• Conducting regular security audits and risk assessments. Perform periodic checks on your systems and devices to ensure that they are secure and up to date. Identify any potential vulnerabilities or threats that could compromise your customers’ data. Implement corrective actions or preventive measures to address them. Document your findings and actions. 

  • Developing a disaster recovery plan in case of a data breach. Prepare a contingency plan for how to respond to a data breach in case it happens. Define roles and responsibilities for your staff in the event of a breach. Establish a communication strategy for notifying your customers, authorities, and other stakeholders. Have a backup system or service in place to restore your operations as soon as possible. 

How to Avoid Data Breaches and Comply with GDPR Regulations 

Data breaches can occur due to a variety of factors, from human error to malicious cyberattacks. As a restaurant owner, it is your responsibility to ensure your customers’ data is always protected. 

To avoid data breaches and comply with GDPR regulations, you should follow these steps: 

  • Implement the best practices mentioned above for data security and privacy. 

  • Stay informed about the latest developments and trends in data protection and cybersecurity. 

  • Seek professional advice or assistance if you are unsure about any aspect of GDPR or data security. 

  • Review and update your policies and procedures regularly to reflect any changes in the law or your business needs. 

By following these steps, you can ensure the safety and security of your customers’ data, as well as your own reputation and revenue. 

How to Avoid Data Breaches and Comply with GDPR Regulations 

Data breaches can occur due to a variety of factors, from human error to malicious cyberattacks. As a restaurant owner, it is your responsibility to ensure your customers’ data is always protected.  

Take steps such as implementing strong passwords and two-factor authentication, regularly backing up data, and conducting vulnerability testing to ensure that your security measures are up to par. In addition, ensure that you are fully compliant with GDPR regulations to avoid potential fines.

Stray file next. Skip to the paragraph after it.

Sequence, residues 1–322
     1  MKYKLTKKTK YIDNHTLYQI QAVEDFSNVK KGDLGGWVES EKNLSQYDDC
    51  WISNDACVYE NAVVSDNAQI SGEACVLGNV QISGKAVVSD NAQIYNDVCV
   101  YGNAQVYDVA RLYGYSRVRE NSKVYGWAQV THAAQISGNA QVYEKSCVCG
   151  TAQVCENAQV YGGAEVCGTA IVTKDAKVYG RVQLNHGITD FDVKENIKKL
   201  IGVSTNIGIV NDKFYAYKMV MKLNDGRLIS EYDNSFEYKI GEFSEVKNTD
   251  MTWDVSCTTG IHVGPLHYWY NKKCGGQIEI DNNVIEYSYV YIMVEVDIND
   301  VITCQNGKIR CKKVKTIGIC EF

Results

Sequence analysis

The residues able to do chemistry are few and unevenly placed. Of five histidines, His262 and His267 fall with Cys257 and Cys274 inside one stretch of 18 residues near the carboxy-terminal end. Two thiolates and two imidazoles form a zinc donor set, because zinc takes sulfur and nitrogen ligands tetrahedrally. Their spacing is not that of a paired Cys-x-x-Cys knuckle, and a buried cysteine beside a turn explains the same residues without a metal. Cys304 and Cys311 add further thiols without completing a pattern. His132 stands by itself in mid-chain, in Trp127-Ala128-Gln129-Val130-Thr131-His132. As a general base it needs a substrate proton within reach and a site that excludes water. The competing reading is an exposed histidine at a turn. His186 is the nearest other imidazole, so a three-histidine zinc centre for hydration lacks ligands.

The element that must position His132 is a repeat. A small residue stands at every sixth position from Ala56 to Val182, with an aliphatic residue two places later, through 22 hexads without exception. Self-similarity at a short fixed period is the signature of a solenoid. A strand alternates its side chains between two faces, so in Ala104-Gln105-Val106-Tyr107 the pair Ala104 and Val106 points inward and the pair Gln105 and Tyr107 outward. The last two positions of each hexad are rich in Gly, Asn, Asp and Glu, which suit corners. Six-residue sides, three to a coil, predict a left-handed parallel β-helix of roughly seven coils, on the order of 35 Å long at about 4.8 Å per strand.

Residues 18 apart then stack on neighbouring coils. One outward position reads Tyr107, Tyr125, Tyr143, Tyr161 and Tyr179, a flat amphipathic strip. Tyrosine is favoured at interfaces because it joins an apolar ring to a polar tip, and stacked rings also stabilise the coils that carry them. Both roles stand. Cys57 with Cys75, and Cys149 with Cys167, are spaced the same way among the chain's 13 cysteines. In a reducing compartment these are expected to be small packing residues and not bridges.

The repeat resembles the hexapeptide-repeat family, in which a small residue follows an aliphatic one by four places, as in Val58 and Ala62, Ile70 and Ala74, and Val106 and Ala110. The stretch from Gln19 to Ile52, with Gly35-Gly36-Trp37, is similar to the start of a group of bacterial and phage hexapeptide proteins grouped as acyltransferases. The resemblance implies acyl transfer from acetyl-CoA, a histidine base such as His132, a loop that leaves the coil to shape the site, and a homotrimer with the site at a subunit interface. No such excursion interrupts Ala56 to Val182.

As restaurants continue to collect increasingly substantial amounts of personal data, it is crucial that owners prioritise data security and privacy.  

Get Expert Help from the UK’s No1 Restaurant and Hospitality IT Support & Restaurant and Hospitality Cyber Security Providers 

One way that Speedster IT, the UK’s no1 Hospitality IT support and cyber security experts for hospitality and restaurants, can help you protect your customers’ data is by providing you with a comprehensive IT support service that covers everything from setup to security.  

Speedster IT is a leading UK MSP (Managed Service Provider) that offers expert help with everything from cloud computing to IT consulting.  

We are a Microsoft Gold Partner and a Watchguard Expert Gold Security Partner, which means we have access to the latest technologies and solutions to keep your data safe and secure.  

Speedster IT can also help you comply with GDPR regulations by providing you with the following services: 

Unlimited 24/7 IT support for Restaurants & Hospitality businesses from £10 per user a month. 

IT security for SMEs, including encryption, tokenisation, firewalls, antivirus software, and other security measures. 

Cloud services, such as Microsoft Office 365 and Microsoft Azure, cloud backup, VoIP, managed hosting, Microsoft Teams, SharePoint consulting, and more. 

IT consulting services, such as data protection impact assessments, data protection officer appointment, data processing records, and more. 

By working with Speedster IT, you can rest assured that your customers’ data is safe.  

To find out more by calling us on 0204 511 9111 or email sales@speedster-it.com